Last week we celebrated the twenty-fifth anniversary of the fall of the Berlin Wall. This week we worry about building a wall along our southern border high enough and in time enough to stop the flood of illegal immigrants. And we worry about a president who disregards our laws.

Walls wall people out, and they wall people in. The Berlin Wall, a part of the "iron curtain" separating the Communist East from the free West, walled people in, imprisoning them. The purpose of the border makes a difference. The quality of freedom and the degree of tyranny on either side makes a difference.

America, as a free society, allows freedom of travel, albeit with the legal documents to do so, documents that protect not only the traveler, but the citizenry at home and abroad. We cross borders and checkpoints, and walls seem to disappear for legal American citizens. Those of us fortunate enough to be born here must never take this for granted. Those of us who have come here legally will, to be sure, never take it for granted. Those who crossed our borders illegally, however, have harmed both themselves and us, for the rule of law, our justice system, is integral to America’s very definition. Illegal immigrants would not be coming to America if it were otherwise. But their breaking of our law has also harmed those legal immigrants who have waited in line patiently. Their breaking of our law hasalsoharmed the millions of law-abiding workers whose wages are challenged by an influx of a low-cost and illegal labor force. Laws are made for a reason and by the Americanpeople.

I have found that personal walls are useful parameters in my life. We call such walls self-discipline. I build walls around my time, boxing in an hour to write this blog, imprisoning an occasional day to write a another scene in The Fire Trail, my novel-in-progress, or fencing in a morning to worship God in church.
I don’t always feel like going to church. I confess there are often other things I would rather be doing. But my time wall tells me it’s time, it’s Sunday, and since this wall is one of the Ten Commandments, I had better have a good reason for breaking this commandment. I don’t always feel like writing a blog, but see it as a good discipline, an exercise in words, rather like my stretching exercises each morning. Who wants to exercise? We do it because we know we will feel better, that we will prevent injury by strengthening muscles and pumping the heart. If we ignore this time wall, we hurt ourselves. This istrue about our souls, minds, and bodies.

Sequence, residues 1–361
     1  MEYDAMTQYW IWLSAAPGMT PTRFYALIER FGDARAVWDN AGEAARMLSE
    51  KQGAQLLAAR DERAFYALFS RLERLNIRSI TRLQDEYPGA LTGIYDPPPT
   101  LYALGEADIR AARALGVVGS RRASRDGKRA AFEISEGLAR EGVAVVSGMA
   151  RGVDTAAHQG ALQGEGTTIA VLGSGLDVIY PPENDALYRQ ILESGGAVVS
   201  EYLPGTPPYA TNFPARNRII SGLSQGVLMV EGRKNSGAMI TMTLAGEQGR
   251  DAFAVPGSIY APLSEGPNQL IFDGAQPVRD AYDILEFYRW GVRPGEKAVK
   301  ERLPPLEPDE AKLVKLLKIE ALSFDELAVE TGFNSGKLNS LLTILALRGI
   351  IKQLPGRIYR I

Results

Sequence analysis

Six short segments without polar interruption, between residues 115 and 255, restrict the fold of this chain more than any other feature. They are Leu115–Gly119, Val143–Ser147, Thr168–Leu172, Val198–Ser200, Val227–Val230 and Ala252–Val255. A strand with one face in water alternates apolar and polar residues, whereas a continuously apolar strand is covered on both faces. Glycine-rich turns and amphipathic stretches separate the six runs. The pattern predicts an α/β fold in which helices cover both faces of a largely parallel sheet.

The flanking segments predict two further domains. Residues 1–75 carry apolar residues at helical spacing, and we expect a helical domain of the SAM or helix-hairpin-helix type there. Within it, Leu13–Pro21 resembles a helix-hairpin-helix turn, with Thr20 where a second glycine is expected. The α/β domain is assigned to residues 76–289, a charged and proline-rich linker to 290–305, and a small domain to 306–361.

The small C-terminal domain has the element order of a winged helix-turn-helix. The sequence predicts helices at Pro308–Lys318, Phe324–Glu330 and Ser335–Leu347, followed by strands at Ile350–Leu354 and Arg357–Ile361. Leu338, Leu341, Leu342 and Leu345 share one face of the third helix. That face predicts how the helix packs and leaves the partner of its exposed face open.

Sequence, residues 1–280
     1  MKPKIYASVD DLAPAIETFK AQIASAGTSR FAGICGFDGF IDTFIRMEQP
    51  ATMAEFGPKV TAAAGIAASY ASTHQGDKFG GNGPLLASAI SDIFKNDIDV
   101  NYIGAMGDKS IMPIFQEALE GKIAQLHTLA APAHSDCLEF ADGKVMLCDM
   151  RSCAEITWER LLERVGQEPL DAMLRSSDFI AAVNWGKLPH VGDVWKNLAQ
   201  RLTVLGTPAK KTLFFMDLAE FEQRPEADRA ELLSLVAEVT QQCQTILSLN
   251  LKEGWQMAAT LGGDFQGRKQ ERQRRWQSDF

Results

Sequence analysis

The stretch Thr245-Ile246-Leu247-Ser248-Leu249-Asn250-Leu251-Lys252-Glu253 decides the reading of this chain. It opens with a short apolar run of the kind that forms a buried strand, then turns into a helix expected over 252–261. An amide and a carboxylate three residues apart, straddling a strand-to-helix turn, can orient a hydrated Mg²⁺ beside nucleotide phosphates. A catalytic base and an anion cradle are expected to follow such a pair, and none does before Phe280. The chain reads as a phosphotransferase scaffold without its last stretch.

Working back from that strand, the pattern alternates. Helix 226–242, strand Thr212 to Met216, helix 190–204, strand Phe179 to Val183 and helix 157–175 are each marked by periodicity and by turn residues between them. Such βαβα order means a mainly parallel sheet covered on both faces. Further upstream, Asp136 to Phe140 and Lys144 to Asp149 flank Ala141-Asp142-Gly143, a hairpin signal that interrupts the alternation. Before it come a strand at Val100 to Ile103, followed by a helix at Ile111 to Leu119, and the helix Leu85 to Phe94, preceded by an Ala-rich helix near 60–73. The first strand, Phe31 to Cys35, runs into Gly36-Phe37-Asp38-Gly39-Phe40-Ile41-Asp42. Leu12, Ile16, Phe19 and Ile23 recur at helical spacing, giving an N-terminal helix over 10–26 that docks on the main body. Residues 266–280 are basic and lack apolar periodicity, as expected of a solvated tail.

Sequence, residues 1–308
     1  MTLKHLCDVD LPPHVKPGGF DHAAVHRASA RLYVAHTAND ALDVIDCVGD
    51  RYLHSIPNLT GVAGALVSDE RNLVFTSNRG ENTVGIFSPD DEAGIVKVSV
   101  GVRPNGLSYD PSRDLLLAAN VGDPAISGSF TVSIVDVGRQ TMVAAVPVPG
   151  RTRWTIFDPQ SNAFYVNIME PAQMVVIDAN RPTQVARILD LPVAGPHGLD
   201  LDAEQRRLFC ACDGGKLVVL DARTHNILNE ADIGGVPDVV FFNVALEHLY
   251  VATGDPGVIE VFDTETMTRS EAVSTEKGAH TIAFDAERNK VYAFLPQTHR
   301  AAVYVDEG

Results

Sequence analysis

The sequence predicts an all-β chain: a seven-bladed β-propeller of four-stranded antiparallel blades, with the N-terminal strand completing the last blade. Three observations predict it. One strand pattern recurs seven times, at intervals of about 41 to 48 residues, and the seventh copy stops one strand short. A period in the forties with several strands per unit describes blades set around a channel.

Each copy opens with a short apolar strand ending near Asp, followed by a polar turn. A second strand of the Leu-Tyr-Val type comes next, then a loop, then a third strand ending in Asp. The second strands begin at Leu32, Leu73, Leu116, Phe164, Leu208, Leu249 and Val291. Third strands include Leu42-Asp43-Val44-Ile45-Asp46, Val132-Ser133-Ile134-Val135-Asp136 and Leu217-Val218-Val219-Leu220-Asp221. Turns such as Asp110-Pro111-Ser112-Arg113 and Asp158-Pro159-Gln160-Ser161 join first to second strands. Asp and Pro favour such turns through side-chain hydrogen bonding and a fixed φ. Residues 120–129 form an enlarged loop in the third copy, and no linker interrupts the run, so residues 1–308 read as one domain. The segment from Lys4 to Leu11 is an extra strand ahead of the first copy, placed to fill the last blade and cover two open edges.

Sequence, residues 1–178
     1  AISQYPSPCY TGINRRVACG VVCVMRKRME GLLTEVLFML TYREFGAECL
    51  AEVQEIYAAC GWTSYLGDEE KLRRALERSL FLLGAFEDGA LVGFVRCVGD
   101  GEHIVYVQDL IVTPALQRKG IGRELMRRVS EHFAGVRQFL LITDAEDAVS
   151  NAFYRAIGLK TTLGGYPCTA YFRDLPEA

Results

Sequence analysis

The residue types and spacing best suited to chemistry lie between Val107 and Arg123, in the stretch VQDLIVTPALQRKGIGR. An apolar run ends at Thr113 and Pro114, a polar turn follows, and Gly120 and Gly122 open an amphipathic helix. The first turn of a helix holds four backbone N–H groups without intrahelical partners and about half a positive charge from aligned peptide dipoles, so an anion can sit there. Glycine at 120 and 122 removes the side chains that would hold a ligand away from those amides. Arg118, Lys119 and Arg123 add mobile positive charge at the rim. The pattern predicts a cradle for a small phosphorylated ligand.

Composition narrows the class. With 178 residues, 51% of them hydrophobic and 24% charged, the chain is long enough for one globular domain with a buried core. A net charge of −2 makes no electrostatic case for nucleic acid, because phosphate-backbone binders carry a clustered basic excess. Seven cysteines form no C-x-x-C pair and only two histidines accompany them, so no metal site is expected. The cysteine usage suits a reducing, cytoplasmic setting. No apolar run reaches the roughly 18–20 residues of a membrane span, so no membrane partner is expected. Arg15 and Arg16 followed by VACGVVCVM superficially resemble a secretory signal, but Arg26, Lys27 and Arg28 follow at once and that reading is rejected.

Since the sixties, our culture has torn down boundaries and mocked moral discipline, has destroyed all kinds of walls. Deviancy has been defined down; crime has risen. Standards of dress, behavior, academics, work, and many other areas of social interaction have sought to be inclusive so that no one be offended by beauty, truth, goodness, excellence or wealth. Our culture has mainstreamed variation, including everyone in one main stream. When this happens, when walls no longer define excellence, when borders no longer define truth, goodness, and beauty, their edges smudge and we find ourselves living in a tepid gray area along with everyone else… wearing the uniform of sexless comrades in a steely city, a dystopia growing more familiar each day.

It is as though we have mistaken inclusivity and warm-heartedness for love. But love, true love, loves the uniqueness of each created being, warts and all. Each of us can be no one else. Love rejoices in these differences, doesn’t deny and merge them, hoping they will disappear in a gray land without borders.
And as we rejoice in our human differences, whether they be race, gender, beauty, or talent, let us also rejoice in the borders defining our nation, a land that is just and free, boundaries that celebrate legal crossings and prosecute illegal ones. This is the America that immigrants desire. This is the America we are proud of. This is the America we are honored to fight for in a world of shadows and merging grays.

In Robert Frost’s poem "Mending Wall," the narrator repairs a common-border wall with his neighbor, who claims, "Good fences make good neighbors." The poet considers what this means, asking,

"Why do they make good neighbors…
Before I built a wall I’d ask to know
What I was walling in or walling out
And to whom I was like to give offense."

His neighbor doesn’t consider why, just repeats his slogan. But Mr. Frost’s narrator is right, it is good to answer why we build walls, consider who’s outside and who’s inside and possible offenses caused by our defenses, for there are, or should be,good reasons.

Let us build a just wall along the borders of our nation that willprevent illegal entry. Let us encourage those here illegally to become legal through due process and to stand in line like everyone else. And let us keep the wall repaired to protect us all, to ensure that America remains her true self, America. Let us thus be good and responsible neighbors.

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